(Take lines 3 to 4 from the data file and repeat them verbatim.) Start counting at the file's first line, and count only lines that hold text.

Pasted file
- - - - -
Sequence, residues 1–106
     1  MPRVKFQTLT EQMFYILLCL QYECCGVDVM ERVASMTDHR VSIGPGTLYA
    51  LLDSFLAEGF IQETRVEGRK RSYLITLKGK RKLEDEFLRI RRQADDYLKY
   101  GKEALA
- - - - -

    51  LLDSFLAEGF IQETRVEGRK RSYLITLKGK RKLEDEFLRI RRQADDYLKY
   101  GKEALA